Breadcrumbs

Cyber challenge to test the best

8 July 2016

Cyber challenge

Dr Sivadon Chaisiri and Mark Will are ready for the Cyber Security Challenge.

“Building a website is easy, but trying to protect it is a whole other ball game,” says Waikato University PhD candidate Mark Will, one of the designers of this year’s Cyber Security Challenge.

The 2016 New Zealand Cyber Security Challenge is on at the University of Waikato on 14 and 15 July and has attracted entrants from all over the country. Round Zero had 267 participants, from which 150 will take part in Rounds One and Two.

Mark says designing the cyber challenges for the competition rounds presented the Cyber Security Lab with a few headaches.

“We had to create 13 challenges that involve breaking into computer systems, each one with a different vulnerability. The goal for the three of us who put them together was to design something that once hacked, would still remain intact for the other competitors.”

Round One is an online “Capture-the-Flag” exercise where teams have two hours to capture as many flags as possible, and find loopholes and vulnerabilities in the systems.

In Round Two, teams are given administration credentials to a vulnerable server simulating a realistic business IT environment. Each team must simultaneously protect their own servers and maintain business continuity – representative of a real-life business dependent on IT availability.

Chief event organiser Dr Sivadon Chaisiri says the purpose of the Cyber Security Challenge is to raise awareness about cyber security and also to record data from the competitors for research purposes.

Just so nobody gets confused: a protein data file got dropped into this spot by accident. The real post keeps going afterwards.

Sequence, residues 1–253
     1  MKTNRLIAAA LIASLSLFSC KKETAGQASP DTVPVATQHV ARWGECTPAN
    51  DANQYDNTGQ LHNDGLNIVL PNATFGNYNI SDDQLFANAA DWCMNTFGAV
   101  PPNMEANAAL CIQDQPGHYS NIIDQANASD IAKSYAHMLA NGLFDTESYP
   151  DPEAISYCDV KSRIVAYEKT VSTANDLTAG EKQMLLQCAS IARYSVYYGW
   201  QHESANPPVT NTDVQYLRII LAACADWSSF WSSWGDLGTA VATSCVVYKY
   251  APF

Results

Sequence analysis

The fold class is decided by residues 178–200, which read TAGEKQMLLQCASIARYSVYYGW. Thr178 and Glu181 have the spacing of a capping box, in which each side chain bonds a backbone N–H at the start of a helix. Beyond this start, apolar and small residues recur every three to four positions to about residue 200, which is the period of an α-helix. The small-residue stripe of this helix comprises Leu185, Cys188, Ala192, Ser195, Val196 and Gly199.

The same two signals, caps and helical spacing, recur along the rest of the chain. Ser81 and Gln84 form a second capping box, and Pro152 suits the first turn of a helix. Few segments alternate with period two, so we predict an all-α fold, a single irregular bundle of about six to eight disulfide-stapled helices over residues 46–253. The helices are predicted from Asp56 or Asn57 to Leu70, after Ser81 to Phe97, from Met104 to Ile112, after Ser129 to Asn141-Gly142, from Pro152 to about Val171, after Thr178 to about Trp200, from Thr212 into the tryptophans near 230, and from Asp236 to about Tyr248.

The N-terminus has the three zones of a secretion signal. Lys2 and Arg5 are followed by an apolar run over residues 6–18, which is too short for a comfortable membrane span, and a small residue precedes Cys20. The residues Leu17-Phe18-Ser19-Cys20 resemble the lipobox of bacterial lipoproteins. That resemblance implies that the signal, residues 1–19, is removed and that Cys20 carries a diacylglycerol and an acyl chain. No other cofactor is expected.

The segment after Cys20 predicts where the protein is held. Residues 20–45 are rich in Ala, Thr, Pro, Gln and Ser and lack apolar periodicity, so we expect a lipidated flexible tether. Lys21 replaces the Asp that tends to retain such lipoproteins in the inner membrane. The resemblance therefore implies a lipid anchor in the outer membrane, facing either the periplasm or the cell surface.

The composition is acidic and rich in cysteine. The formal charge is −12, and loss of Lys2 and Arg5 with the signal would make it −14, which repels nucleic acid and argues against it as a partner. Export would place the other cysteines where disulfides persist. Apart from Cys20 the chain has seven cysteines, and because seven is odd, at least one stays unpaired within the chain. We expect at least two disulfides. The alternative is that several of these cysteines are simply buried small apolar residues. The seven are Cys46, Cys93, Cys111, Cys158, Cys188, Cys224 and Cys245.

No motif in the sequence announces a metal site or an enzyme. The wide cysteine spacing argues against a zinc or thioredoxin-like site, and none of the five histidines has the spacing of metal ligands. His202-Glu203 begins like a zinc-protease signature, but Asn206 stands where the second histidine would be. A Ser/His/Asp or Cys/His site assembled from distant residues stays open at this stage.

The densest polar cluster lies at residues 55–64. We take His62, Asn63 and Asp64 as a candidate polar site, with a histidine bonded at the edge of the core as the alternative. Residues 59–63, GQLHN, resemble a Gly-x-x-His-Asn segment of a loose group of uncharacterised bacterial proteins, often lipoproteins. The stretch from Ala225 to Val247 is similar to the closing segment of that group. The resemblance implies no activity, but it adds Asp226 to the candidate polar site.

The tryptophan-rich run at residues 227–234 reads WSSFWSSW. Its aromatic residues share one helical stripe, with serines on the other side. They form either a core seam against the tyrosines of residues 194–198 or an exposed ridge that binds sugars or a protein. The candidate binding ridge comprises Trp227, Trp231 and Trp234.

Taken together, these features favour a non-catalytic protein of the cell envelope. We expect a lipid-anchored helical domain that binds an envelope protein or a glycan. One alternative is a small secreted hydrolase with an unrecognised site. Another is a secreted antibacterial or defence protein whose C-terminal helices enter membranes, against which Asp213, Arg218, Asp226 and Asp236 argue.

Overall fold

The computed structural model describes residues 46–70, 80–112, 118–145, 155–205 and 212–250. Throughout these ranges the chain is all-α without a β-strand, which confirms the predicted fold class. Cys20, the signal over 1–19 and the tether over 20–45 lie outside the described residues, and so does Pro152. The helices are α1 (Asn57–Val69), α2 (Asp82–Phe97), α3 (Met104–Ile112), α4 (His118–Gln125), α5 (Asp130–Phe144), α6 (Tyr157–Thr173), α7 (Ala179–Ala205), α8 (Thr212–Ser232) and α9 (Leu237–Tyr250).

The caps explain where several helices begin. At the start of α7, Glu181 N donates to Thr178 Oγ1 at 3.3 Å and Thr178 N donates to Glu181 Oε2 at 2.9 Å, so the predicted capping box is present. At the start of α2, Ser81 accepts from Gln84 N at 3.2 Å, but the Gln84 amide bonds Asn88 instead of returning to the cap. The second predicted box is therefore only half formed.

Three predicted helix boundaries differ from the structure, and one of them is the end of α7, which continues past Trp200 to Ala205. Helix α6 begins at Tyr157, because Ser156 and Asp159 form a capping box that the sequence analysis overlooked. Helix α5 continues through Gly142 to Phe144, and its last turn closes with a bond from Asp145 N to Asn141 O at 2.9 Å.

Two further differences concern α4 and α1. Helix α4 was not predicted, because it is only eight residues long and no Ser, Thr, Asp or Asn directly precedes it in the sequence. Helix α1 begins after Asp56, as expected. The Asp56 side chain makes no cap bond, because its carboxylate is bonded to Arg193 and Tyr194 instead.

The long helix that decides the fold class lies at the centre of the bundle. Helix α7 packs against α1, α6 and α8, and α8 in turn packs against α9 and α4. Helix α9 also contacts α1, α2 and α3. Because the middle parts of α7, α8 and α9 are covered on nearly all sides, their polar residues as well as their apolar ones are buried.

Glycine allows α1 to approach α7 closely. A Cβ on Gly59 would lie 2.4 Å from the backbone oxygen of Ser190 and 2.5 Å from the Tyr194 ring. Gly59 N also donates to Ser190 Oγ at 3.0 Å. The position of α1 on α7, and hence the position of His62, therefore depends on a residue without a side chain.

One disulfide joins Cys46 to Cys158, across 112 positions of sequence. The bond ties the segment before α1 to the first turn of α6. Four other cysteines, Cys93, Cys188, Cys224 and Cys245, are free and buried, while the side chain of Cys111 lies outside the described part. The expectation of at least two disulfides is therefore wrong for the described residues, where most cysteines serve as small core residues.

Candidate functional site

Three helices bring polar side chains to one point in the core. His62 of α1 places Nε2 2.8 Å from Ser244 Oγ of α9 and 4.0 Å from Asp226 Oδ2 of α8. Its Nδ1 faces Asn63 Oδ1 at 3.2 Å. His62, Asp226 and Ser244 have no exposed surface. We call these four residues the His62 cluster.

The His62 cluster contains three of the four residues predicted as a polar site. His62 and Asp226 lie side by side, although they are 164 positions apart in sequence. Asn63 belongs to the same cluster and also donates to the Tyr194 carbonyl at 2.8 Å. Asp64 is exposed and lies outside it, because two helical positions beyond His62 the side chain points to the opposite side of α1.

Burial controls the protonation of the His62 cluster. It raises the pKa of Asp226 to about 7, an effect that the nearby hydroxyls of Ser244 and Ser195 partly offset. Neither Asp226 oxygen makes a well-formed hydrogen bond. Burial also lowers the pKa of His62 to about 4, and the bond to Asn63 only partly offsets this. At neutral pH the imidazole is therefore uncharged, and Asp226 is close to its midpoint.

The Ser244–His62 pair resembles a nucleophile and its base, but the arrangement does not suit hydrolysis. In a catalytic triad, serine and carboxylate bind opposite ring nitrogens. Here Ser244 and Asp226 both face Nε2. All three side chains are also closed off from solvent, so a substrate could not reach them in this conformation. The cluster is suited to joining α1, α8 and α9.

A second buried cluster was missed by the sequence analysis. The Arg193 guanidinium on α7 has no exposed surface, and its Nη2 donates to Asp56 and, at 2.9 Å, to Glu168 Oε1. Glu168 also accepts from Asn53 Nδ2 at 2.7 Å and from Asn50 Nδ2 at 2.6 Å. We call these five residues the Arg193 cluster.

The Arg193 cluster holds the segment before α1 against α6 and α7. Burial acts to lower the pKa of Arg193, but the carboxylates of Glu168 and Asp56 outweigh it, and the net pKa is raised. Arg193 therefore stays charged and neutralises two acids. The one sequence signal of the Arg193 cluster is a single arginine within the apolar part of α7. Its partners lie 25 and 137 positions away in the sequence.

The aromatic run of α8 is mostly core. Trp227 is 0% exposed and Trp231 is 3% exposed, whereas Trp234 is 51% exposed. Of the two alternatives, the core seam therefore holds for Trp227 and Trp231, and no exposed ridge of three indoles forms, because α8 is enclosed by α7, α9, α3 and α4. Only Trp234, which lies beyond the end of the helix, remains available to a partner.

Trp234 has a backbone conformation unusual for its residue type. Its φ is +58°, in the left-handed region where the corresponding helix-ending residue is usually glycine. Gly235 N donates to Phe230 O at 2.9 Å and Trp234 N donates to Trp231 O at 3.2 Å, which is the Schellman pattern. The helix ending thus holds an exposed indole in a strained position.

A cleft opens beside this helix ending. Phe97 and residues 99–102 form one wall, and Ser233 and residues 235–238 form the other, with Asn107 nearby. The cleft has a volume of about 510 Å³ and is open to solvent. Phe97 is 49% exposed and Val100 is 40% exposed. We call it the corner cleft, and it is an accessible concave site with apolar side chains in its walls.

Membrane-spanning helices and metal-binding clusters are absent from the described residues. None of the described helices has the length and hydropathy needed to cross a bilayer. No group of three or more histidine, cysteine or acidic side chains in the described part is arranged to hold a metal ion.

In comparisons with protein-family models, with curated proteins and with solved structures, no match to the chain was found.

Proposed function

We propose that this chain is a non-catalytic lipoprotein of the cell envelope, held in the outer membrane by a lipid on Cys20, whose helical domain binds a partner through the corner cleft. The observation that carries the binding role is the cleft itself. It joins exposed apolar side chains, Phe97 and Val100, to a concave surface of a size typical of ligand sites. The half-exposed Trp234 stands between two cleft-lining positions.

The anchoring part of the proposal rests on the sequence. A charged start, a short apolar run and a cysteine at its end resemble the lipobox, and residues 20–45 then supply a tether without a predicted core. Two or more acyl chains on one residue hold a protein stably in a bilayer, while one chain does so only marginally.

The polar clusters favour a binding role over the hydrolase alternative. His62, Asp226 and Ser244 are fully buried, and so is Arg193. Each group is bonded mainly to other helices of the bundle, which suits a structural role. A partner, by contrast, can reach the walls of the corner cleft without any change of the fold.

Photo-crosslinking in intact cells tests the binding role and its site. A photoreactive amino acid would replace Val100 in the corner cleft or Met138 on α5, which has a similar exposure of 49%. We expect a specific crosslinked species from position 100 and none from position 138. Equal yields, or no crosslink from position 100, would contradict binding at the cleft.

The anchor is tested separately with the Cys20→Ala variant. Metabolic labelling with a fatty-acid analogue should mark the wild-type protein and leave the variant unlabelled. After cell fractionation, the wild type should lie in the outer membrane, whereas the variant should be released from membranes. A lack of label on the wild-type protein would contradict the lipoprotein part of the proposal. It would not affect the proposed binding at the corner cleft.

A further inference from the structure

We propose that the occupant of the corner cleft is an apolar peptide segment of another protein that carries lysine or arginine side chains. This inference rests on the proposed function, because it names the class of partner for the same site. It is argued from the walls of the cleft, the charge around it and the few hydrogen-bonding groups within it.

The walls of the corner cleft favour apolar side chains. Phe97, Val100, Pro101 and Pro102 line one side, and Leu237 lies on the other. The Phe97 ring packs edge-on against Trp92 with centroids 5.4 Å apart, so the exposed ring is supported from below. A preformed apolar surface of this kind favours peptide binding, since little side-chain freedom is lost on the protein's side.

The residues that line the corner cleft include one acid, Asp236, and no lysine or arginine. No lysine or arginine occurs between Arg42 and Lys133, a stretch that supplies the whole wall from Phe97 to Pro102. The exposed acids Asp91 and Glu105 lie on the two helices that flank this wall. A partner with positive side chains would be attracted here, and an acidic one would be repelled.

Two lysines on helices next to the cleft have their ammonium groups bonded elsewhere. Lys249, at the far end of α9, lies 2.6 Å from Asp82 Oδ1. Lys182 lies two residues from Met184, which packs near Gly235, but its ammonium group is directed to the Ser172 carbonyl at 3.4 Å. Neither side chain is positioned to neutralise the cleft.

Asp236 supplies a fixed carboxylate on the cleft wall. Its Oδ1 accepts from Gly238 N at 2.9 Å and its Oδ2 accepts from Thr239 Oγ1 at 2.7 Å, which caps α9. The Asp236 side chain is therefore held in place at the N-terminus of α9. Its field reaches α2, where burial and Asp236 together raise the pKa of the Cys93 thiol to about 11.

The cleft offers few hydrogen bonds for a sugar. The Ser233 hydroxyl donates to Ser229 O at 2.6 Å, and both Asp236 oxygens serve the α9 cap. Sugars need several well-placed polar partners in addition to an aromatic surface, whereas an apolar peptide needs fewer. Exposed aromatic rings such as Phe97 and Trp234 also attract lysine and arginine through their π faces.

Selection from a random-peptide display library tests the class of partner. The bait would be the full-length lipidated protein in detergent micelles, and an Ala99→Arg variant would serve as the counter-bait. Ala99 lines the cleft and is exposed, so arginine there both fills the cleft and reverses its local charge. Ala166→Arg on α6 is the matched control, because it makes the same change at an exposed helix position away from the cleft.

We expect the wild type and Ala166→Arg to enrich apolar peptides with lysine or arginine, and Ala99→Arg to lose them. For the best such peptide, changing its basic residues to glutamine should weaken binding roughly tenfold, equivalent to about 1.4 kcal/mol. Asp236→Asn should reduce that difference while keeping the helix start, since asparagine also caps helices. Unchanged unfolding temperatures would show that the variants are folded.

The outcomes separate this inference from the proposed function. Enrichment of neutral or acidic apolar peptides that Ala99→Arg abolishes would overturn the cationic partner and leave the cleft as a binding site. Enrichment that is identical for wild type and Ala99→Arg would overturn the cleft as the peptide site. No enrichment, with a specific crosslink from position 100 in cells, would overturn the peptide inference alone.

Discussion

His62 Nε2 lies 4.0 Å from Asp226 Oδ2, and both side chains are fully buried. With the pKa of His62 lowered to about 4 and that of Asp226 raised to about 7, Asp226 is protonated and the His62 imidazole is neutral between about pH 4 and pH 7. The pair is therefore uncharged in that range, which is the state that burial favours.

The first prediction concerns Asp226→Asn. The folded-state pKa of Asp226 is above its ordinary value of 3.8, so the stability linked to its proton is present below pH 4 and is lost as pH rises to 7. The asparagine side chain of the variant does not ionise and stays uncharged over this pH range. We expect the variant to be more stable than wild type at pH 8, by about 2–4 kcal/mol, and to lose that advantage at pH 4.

“We’ll be able to see how competitors break into the systems and how they attempt to solve the problems. If we can see what steps people are taking, it’s very valuable information for making systems safer in the future.”

On Friday 15 July, there will be speakers including National Cyber Policy Office director Paul Ash, University of Waikato Cyber Security Lab director Dr Ryan Ko, Kimmo Ulkuniemi from INTERPOL, Tim Goddard from business telecoms provider Kordia, and Dr Daisuke Inoue from Japan’s National Institute of Information and Communications Technology, NICT.

Also on Friday there will be a Cyber Security Job Fair that runs from 11.15am-1pm in the MSB foyer with booths displaying career options in the public and private sectors.

Talks are free and open to the public and all are welcome to drop by the careers fair. For more details, visit www.cybersecuritychallenge.org.nz

For the challenge winners, there are prizes such as devices and scholarships to the university’s Bachelor of Computing and Mathematical Sciences degree course.

Now in its third year, the challenge is hosted by the University of Waikato and supported by the New Zealand National Cyber Policy Office (Connect Smart), INTERPOL and Internet New Zealand. Its main sponsors are Kordia and Endace.